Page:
February 1, 2017 - 6:18pm
He has witnessed Syria’s trauma, breathed in the salty air at Maldivian beaches, bathed in the culture of India, and trekked through the rustic South African countryside on a shoestring budget.
Henrik Jeppesen can boast of what many have only dreamt of accomplishing. At 28, he has travelled to all the 193 countries in the world.
The Dane began his odyssey at the age of 17, with a visit to Egypt. There’s been no looking back since then. He began to travel full-time in 2010, as cheaply as he could, documenting the journey on his blog and social media profiles.
On the road for around 3,000 days, Jeppesen spent an estimated $80,000 (Rs 54,484,64) on his journey – which breaks down to around $25 (Rs 1,702) a day. While he spent nothing on some days, he shelled out $100 for a visa on others.
Through the course of his travels, Jeppesen flew over 900 times on 200 different airlines, stayed at more than 1,000 hotels and used up nine passports before finally completing his mission at Eritrea in 2016 – three days before his 28th birthday.
The blogger, who was inspired by travel shows at the age of 13, had initially planned on visiting 50 countries. The number soon rose to 100, and as Jeppesen grew increasingly comfortable with travelling, he decided to clock them all.
Jeppesen says elaborate planning is key. “You have to be ahead of any difficulty you may have envisaged. Acquiring visas can be difficult for a lot of countries. The number of days I stay in a country is often determined by the place I’m visiting. I’ve stayed for as long as a month in some countries, including India, and only a few days in others. For instance, Vaduz – the capital of Lichtenstein – only has 5,000 inhabitants and an area that can easily be covered in a day.”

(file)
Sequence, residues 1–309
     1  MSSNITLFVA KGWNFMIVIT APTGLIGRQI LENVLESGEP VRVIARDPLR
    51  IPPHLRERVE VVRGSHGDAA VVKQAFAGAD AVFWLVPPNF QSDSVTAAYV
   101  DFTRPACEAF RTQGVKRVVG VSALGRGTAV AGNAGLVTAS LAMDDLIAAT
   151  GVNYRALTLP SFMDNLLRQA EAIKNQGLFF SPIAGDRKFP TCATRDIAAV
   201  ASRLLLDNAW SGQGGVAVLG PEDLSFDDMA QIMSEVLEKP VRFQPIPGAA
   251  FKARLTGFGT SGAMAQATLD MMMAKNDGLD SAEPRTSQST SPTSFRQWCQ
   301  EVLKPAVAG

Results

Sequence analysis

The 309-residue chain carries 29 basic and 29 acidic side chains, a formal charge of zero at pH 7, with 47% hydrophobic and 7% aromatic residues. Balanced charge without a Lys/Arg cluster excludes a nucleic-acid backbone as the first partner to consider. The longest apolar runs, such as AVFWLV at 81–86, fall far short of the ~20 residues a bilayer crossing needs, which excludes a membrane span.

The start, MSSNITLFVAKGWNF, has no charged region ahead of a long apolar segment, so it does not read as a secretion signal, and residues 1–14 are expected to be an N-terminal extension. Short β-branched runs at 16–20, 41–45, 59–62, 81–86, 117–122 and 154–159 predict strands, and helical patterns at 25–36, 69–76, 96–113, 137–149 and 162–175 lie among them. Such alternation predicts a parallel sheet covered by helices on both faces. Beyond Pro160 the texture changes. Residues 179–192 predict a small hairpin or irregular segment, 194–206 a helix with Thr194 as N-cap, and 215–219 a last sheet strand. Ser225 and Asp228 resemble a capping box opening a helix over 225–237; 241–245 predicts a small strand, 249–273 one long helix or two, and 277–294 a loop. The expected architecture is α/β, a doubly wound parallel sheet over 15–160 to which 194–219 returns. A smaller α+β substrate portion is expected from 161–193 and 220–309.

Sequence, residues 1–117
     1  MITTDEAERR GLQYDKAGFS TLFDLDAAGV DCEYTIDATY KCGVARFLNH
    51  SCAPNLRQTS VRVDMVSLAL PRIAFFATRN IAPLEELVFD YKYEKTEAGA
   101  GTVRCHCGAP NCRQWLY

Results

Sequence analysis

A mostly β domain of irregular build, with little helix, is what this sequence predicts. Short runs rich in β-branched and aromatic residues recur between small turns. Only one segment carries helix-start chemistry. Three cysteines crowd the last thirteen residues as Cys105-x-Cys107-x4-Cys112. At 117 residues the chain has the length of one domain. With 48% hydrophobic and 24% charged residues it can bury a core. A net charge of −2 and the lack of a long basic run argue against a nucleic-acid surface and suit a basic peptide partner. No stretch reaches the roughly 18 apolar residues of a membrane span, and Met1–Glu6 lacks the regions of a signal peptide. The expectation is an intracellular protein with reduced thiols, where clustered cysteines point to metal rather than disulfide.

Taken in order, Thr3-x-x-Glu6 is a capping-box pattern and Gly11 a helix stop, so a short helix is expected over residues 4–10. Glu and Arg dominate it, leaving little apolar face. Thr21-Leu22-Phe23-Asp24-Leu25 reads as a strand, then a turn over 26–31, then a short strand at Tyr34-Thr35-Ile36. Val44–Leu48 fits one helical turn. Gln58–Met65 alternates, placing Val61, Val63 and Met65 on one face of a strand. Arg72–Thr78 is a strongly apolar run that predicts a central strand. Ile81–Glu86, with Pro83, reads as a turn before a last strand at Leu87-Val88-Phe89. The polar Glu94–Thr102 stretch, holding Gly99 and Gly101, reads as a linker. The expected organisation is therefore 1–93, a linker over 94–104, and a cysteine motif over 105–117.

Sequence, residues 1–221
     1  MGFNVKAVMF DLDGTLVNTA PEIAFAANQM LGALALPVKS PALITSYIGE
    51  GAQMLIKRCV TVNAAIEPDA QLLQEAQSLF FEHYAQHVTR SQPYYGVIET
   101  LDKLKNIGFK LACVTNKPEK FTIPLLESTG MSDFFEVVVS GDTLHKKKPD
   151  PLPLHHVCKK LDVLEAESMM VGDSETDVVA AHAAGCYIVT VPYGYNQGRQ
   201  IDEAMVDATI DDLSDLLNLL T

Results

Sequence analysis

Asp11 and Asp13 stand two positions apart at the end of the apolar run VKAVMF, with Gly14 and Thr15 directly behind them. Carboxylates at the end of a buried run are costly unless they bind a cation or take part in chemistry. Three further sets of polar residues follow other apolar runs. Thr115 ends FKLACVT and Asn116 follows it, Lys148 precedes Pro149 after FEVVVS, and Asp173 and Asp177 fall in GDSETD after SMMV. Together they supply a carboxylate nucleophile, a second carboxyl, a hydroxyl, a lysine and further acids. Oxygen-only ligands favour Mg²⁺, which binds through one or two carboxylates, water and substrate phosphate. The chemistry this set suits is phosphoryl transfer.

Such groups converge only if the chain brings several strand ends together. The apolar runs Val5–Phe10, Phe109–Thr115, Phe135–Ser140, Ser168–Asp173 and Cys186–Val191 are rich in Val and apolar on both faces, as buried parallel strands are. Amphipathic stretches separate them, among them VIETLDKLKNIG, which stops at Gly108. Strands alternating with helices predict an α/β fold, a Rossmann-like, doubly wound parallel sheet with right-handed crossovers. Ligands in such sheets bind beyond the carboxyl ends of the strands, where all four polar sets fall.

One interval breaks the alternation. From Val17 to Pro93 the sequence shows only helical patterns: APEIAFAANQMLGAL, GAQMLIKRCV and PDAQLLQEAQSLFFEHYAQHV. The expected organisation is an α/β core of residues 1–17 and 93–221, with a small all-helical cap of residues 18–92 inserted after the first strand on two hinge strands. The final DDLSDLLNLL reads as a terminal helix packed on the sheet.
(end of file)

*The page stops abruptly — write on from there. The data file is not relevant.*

Jepessen has visited several places in India including New Delhi, Mumbai, Kolkata, Kashmir, Sikkim, Goa, Bangalore, Jaipur, Udaipur, Agra, the Andaman Islands and West Bengal. “I love India. It’s such a diverse country. Even though I have travelled to other places, India has enough to offer for a lifetime. I applaud the Indian government’s decision to make visa on arrival possible and hope it will make a difference for the country and it’s people,” he says.
But isn’t it dangerous to visit politically volatile countries, or those affected by war? “Iran is seen in a negative light because of its government’s actions, but it has the friendliest people in the world. Both Syria and Iraq have parts controlled by the Islamic State, but you can still visit these countries by restricting your travel to safer parts. Damascus in Syria is controlled by the government, and is safe to visit. Erbil in Iraq was safe when I visited it in 2012,” says Jeppesen.
It is important to be clear about the type of visa one is travelling on, he says. “I was denied entry into Ethiopia in 2012, because of an unhelpful immigration officer, even though I expected to get visa on arrival. I had to come back the following year on a tourist visa.”
Sponsored by over 100 airlines and hosted by over 1,000 hotels, the business graduate (2007 to 2010) has a handy guide to travelling safe on a shoestring budget.
Start your journey closer home, eventually moving to neighbouring countries that have strong infrastructure and tourism industries. Travelling light should be your mantra. A phone, phone charger, headphones, passport, a credit card and an extra pair of underwear are all you need to get going. Jeppesen once spent six months on the road without having even a duffel bag to live out of.